Accuracy Testing

I zeroed my optics with the "junk" ammo. I didn't want to burn quality ammunition to get the carbine on paper. I figured why not see how the carbine functioned and zero the optics at the same time.

The v5 Lightweight carbine really shined with the 77-grain loads from Atlanta Arms and Black Hills. The best three-shot group was three-eighths of an inch at 100 yards. Using heavy .223 loads, 69 grains plus, this carbine consistently shot groups under an inch. It was no slouch with lighter bullets either; those groups were just over an inch, even my hand-loads. The Daniel Defense v5 Lightweight's accuracy was on par with a heavy barrel 20-inch rifle.

After I had the v5 Lightweight zeroed, I wanted to see how well the Vortex Viper optic's adjustments made corrections. Each click is one-quarter MOA and the clicks were accurate. I was able to walk the bullet impact from the center of the target to each target square and back; the Viper performs as advertised.

Switching from precision to more close-quarter shooting, I removed the Viper and replaced it with Aimpoint's PRO. The PRO comes with flip-up covers, QRP mount and battery (life is estimated to be three years); complete you will find this red dot priced $400 to $500, depending on the vendor or area.

Aimpoint's QRP mount properly aligns the optic with your eye. When mounted the PRO co-witnessed with the Magpul BUS front and rear. These sights lay flat and flip up in a flash when you depress the ambidextrous catch. If you run the carbine with the sights in the "up" position, they will be center co-witnessed.

Muzzle Brake and Suppressor

Thanks to the light weight of the v5 Lightweight and the SureFire muzzle brake there was very little muzzle rise and transitions between targets were smooth and fast. The PRO allowed for quick accurate shots at distances from seven to 25 yards.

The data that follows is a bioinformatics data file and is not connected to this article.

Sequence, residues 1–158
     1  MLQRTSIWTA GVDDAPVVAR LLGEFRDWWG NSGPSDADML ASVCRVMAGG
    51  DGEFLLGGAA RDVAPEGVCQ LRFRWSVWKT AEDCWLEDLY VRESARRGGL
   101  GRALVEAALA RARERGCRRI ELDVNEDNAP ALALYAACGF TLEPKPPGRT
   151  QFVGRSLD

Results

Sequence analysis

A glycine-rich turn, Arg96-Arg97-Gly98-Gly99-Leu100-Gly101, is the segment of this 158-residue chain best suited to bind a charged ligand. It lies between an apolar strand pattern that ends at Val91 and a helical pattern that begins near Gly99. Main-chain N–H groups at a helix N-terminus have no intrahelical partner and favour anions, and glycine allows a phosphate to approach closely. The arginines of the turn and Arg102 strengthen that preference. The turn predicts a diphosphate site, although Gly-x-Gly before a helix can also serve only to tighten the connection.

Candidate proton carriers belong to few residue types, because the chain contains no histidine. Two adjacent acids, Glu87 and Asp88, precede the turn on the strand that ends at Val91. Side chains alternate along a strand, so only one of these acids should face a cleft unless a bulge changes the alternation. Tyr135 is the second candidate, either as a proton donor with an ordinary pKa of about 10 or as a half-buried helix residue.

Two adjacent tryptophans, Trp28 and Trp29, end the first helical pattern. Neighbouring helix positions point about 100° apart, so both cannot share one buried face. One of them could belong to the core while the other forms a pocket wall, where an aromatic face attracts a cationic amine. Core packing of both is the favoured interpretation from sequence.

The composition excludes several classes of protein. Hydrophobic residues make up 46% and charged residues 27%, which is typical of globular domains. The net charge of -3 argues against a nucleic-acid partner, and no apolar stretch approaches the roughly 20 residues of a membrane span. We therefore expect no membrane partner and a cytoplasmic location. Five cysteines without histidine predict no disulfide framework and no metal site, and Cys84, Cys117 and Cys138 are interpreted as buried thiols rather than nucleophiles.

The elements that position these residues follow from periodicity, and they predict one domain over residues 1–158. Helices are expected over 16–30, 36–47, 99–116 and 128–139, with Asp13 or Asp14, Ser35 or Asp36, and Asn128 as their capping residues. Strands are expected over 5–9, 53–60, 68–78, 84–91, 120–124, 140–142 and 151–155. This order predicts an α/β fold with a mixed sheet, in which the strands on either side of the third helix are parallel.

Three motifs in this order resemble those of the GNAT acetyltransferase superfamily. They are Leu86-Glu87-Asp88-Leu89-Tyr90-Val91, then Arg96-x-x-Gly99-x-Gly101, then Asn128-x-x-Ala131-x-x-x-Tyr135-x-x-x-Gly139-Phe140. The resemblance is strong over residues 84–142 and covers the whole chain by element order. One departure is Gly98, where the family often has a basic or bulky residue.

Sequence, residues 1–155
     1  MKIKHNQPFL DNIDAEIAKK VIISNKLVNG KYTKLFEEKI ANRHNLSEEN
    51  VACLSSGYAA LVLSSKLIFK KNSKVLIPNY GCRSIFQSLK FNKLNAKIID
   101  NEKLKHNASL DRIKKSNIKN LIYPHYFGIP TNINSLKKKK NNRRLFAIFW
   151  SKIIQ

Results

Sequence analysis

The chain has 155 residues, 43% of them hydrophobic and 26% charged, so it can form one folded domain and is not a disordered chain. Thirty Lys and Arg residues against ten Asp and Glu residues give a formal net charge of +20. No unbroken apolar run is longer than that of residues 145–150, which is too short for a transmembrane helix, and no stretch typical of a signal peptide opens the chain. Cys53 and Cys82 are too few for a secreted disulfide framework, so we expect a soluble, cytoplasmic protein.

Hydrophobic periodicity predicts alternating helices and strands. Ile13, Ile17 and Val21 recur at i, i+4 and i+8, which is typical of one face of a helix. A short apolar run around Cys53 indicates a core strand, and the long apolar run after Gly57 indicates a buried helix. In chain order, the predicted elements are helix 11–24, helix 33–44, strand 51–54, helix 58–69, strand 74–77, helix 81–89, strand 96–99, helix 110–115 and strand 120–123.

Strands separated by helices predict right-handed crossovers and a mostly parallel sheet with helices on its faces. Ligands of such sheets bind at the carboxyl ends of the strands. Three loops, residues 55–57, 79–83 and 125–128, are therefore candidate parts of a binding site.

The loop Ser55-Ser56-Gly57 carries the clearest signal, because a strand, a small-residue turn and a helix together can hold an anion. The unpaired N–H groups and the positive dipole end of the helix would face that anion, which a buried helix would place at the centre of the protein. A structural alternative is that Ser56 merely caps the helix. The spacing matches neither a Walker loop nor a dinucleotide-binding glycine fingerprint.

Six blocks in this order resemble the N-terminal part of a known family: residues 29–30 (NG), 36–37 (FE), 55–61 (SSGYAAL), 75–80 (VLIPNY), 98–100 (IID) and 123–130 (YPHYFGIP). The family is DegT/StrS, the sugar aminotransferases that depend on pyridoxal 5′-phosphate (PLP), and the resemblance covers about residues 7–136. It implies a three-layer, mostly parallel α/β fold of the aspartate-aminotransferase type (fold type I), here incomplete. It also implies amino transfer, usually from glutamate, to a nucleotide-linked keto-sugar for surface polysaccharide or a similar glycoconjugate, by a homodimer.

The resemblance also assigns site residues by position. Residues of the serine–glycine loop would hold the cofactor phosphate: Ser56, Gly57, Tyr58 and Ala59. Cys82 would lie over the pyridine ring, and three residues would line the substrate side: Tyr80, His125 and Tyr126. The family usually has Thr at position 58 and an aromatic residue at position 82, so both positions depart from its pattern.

I also ran the v5 Lightweight with a SureFire Mini. This 10-ounce suppressor not only reduces the noise and muzzle flash signature, it also reduces muzzle rise to next to nothing. It's also really quiet. My range is roofed and enclosed on three sides. But if you were behind the structure while the M4 with the Mini attached was being fired, it sounded like a muffled balloon breaking and you could not pinpoint the origin of the sound. This is exactly what SureFire's suppressors are designed to do.

A fighting carbine also needs a light. I mounted the new WL1-AA Light/Laser from Insight Technologies. This light is powered by inexpensive AA batteries instead of the pricey CR123As. The 150-lumen output truly will light the night at distances out to more than 75 yards. The adjustable laser further enhances this light, giving you a zeroed aiming point. Lasers increase accuracy when shooting from non-traditional shooting positions.

The WL1-AA is compact and barely adds three ounces to the M4. It gives the operator the choice of white light, laser, or both. You can lock the system out so you don't have an accidental discharge of light. To further enhance this light's function, there are two paddle switches that give you constant on or intermittent on.

Previous experience with Daniel Defense M4s led me to expect excellent performance from the v5 Lightweight; I was not disappointed. The Daniel Defense v5 Lightweight M4 is an awesome firearm. It is wicked accurate, easy to handle and carry, and it is boringly reliable. If you are looking for an M4 for duty, competition, or home defense, take a look at this carbine. I did. I loved it. And I made it my personal firearm. That is the highest recommendation I can give.

Scott Smith is a former federal police officer for the Department of Veteran's Affairs and a contributing editor to POLICE.

Daniel Defensev5 Lightweight Carbine Specs:

Caliber: 5.56 NATO

Capacity: 30 rounds with provided mag

Overall Length: 35 inches as shipped

Barrel Length: 16 inches

Barrel: Chrome moly vanadium steel, cold hammer forged, 1:7 twist

Weight (no sights): Six pounds, five ounces

Gas System: Midlength

Gas Block: Low profile gas block

Handguard: Omega X Rail 12.0

Grip: Vertical Foregrip

Buttstock: Magpul MOE Buttstock

Price: $1,469 (no sights)

About the Author
Scott Smith Bio Headshot
Retired Army MP